Yasmin Alibhai Brown: Jack Straw is right to ask hard questions about Asian men

Fear of racism should no longer be the veil covering up hard truths

Related Topics

The unrepentant British Pakistani gang leaders who violated young girls in Derby have been rightly reviled and given indefinite sentences. Their victims were almost all white. There it might have ended but for Jack Straw, who rekindled passions on all sides when he said that such Pakistani men thought these females were easy meat who deserved no respect or consideration ( I paraphrase). No solid evidence is provided by Straw to back these assertions. In fact, when he was Home Secretary he could have funded research on the matter, but failed to.

Still, even a man used to controversies must be nonplussed by the reaction to his comments. His words were thrown on to blazing pyres by fulminating leftie liberals, feminists, Muslims, Pakistanis, anti-racists and influential individuals who think of themselves as gravely responsible. It was unacceptable, they said, to racialise or ethnicise a particular crime; some even declared that any discussion of cultural factors was dangerous and racist.

Being avowedly a leftie liberal, anti-racist, feminist, Muslim, part-Pakistani, and yes, a very responsible person, I should be in the circle with these objectors – particularly as I can't stand the Rt Hon MP for Blackburn, his devious, shady politicking and moral expediency. However, just as when he criticised the full veil, I cannot condemn his views. How can I? Just before Christmas, I too wrote about these rapists and the anti-white cultural prejudices in some of their communities and families. It was a hard column to write, as is this one. Easier to pick your way barefoot through a dark park littered with broken glass. You need to think about every line, its effect, and know that you will step on the shard that will cut you, however carefully you tread.

I accept that on the basis of the evidence presented in court, this Derby gang was no different from that of the white grooming posse convicted in Cornwall in November. They too preyed on helpless, easily-pleased young white girls who were then used and destroyed. Most paedophiles in this country are white, and their victims too. Just because they harm their own doesn't make it less abominable or more acceptable. What does it matter to a young, white, rape victim whether her violator has pasty or dark skin? And it is gratifying that reputable figures like Barnado's Martin Narey and the judge in the Derby case have spoken out against wholesale racial scapegoating. We know extremists use race and crime statistics to stoke racial hatred against Britons of colour and from religious minorities. I have sometimes been a pin-up girl for the repellent BNP and English Defence League, whenever I criticise Muslims, or Asian values or black Britons who do wrong. You feel degraded and treacherous when this happens.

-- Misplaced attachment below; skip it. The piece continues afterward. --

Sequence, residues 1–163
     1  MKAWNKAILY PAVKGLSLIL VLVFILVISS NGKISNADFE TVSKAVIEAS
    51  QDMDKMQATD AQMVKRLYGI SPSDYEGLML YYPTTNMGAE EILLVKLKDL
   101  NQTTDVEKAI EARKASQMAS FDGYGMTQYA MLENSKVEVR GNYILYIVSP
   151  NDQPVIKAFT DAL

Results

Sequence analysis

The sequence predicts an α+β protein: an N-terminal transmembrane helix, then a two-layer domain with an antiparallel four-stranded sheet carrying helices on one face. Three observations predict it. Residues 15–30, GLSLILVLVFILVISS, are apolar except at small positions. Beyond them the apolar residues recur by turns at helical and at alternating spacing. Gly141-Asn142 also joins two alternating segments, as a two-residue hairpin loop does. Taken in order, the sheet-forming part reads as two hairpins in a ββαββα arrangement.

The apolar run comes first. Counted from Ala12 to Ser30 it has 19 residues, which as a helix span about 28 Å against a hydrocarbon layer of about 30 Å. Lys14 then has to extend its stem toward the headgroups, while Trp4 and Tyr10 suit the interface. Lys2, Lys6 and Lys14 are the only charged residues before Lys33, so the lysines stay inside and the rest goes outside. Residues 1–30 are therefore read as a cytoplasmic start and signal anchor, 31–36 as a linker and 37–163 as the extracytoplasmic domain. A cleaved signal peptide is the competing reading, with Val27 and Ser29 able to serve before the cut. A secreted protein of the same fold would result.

But I still say we need to expose and discuss more openly the underpinning values of the Asian criminal rings in many of our cities. If we don't, the evil will grow. Fear of racism should no longer be the veil covering up hard truths. What the Derby gang did has planted and raised more racism – possibly even among good, benign people – than my words ever could. I am sure recruitment to extremist parties has gone up too. Prominent anti-racists know that, but will not openly say so.

The criminals feel they did no wrong. These girls to them are trash, asking to be wasted – unlike their own women, who must be kept from the disorderly world out there. The whore and the virgin are both feared and severely controlled and abused. A 2005 study in the Netherlands of Muslim males found the same bifurcation, and identified deep sexism as responsible for both.

The conversations can be heard every day around dining tables and on streets; they are embedded in thought and language. I once interviewed the mother of a man who had been convicted of repeatedly raping his young wife, who came from a rural village in Pakistan. The head of the nursery school the couple's child attended had helped the victim report what was happening. In Urdu, the mother hissed: "How lucky was she to get my son? The dirty, ungrateful bitch – went to a white woman to complain. They sleep with everybody. She just didn't know how to make him happy. We have thrown her out. She can go on the streets like those whites now."

I have been writing about these culturally- sanctioned injustices for two decades, and have interviewed countless people. I will not melt the misdemeanours into generalities, and do not accept that ethnicity and sexual abuse cannot and should not ever be linked.

Some years back, a similar furore was raised over the Sierra Leonean journalist Sorious Samura, who made a TV documentary on the gang rape of young girls in British cities. Censured by the usual slate of apologists, he accepted that the attacks were carried out by men of all backgrounds, but pointed out that a high proportion were black or mixed-race. "As a black man as well as a journalist, I wanted to know what lay behind such attacks, the profoundly disturbing attitudes to females."